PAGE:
Letter to Lapsed Catholics.

Typical of what’s outside most large cities in America, fifty miles from Pittsburgh 1,700 people live in the small Boroughs of Prospect and Portersville. About 4,000 more people live in Franklin and Muddy Creek Townships that surround them.

In a surprising survey, a census noted that 51% of the people in both Prospect and Portersville identify themselves as Catholic. Similar numbers of Catholics may be reasonably expected among the 4,000 people who live in Muddy Creek and Franklin Townships. 51% of 5,700 people indicate an approximate total of 2,400 Catholics in the area served by the local Church, St. Christopher’s.

These figures will also apply approximately to thousands of communities outside large urban dioceses across North America. One might conclude that somewhere around half the people in the United States were born as Catholics.

Most of them are not attending Church. The unpleasant “Lapsed Catholics are lost.” is not something on which we want to dwell. Better to ask, “What can be done to increase the chances that lapsed Catholics will get to Heaven?”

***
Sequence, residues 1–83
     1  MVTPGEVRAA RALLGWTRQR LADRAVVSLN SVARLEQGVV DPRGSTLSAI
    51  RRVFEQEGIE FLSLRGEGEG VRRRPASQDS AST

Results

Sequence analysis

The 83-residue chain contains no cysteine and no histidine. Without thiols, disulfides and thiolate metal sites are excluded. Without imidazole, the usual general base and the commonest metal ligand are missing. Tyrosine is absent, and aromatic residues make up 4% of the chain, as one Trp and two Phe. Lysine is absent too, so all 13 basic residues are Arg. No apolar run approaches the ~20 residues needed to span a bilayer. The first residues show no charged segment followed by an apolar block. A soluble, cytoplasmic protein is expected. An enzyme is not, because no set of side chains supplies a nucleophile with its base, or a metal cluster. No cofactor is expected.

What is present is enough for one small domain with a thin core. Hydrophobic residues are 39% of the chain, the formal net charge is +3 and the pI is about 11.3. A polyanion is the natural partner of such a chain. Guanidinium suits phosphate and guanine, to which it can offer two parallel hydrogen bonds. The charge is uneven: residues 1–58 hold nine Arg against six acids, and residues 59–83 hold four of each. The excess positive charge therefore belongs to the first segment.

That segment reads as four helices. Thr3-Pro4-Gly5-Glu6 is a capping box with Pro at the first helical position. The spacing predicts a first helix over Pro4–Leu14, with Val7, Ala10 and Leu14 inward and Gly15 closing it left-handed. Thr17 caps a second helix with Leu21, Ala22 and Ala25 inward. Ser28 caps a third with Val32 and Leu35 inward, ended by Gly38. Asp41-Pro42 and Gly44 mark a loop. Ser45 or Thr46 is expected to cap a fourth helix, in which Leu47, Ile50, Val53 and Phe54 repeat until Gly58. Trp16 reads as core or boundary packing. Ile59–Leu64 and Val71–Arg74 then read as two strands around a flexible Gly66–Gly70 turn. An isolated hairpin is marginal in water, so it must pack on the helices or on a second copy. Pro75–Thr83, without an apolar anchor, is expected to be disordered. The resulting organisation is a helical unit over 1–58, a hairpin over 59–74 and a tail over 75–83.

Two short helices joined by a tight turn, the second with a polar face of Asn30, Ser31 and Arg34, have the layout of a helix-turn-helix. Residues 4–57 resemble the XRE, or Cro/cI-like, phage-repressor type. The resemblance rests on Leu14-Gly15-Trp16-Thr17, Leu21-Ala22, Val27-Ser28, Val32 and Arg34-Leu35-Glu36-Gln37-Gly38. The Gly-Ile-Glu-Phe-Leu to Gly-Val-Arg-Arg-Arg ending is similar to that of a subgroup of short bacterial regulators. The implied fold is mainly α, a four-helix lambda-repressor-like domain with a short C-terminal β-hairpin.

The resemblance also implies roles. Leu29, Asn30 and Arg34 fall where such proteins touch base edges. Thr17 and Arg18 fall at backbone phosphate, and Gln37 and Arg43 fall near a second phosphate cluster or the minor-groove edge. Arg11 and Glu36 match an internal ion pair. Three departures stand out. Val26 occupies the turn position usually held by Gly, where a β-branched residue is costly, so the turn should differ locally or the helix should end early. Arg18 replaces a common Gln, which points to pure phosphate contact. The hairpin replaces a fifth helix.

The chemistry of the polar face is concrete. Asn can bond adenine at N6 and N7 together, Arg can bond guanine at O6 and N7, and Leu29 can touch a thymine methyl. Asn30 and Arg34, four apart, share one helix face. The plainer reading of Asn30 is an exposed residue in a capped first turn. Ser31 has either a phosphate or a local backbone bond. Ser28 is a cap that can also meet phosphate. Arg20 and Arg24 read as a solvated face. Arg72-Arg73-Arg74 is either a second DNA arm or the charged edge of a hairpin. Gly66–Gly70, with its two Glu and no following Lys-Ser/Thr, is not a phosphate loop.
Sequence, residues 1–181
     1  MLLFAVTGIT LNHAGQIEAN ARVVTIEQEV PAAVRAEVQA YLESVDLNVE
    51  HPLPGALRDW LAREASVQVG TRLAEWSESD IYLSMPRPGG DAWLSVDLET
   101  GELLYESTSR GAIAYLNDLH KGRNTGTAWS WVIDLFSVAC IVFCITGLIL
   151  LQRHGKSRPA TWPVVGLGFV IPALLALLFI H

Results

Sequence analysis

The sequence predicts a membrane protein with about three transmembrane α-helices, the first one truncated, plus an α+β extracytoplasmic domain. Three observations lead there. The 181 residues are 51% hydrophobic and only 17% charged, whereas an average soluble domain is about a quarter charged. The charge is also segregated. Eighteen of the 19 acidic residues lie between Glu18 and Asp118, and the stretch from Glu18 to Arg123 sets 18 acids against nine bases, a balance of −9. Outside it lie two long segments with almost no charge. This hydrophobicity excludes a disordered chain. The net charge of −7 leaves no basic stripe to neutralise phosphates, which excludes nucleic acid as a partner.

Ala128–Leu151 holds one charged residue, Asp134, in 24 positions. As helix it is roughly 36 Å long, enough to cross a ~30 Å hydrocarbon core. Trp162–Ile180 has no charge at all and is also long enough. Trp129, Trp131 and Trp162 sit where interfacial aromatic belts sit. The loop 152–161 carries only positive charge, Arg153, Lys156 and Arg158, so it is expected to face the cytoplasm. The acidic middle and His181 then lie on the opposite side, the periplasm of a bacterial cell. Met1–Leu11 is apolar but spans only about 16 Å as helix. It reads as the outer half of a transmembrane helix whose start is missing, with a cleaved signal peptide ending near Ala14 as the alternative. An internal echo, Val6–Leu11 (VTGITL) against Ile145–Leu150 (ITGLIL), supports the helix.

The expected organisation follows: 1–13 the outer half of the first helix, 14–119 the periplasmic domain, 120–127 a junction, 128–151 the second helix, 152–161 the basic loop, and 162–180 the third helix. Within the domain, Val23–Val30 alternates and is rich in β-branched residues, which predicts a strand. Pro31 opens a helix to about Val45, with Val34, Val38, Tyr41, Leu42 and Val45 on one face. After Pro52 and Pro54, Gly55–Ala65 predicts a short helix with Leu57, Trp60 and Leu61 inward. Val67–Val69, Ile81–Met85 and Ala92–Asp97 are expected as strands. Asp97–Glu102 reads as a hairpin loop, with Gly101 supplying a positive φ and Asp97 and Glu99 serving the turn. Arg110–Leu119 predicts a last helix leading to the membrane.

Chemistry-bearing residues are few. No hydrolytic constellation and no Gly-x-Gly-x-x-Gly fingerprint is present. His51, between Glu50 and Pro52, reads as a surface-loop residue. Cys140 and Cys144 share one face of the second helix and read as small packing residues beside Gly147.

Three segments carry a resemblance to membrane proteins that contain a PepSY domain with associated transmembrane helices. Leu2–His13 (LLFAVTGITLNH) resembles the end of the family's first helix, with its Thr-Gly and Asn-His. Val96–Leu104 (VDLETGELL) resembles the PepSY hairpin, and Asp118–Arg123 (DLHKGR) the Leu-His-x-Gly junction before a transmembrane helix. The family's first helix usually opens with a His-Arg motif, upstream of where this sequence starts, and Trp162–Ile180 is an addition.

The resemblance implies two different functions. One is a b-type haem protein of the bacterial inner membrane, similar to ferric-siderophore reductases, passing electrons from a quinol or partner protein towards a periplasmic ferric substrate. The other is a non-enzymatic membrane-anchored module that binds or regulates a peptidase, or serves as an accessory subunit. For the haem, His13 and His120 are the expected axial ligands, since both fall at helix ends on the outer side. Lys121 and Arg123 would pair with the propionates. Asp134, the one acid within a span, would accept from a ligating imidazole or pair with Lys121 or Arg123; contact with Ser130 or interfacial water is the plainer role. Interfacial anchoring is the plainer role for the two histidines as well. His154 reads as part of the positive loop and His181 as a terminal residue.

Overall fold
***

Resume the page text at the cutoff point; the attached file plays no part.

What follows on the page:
Many Catholics moved into this area for good reasons; to raise their families in decent, traditional ways. Many were concerned about crime, better education, and lower taxes. The simple fact is that it makes a lot of sense to move out here.

Newcomers to rural areas quickly discover that the local establishment is largely Protestant. Many of the area’s old families are justifiably proud of having local roots that reach back two centuries and a decade or so beyond. They attend many faithful, local churches that follow Scripture. These strive to maintain themselves despite denominations dissolving around them. Many Catholics gravitate toward them.

The great faith that guided and protected their Catholic ancestors as they made the painful trips from Europe’s tyrants to America’s comparative freedom and opportunity is, sometimes, sadly forgotten. “The faith of our fathers could stand everything but prosperity.” can be said by many lapsed Catholics.

Catholics wishing to return to their family’s faith may choose to pray for the grace to more fully consider the blunt, straight-forward words of Jesus Christ:

“I am the living bread that came down from heaven; whoever eats this bread will live forever; and the bread that I will give is my flesh for the life of the world.”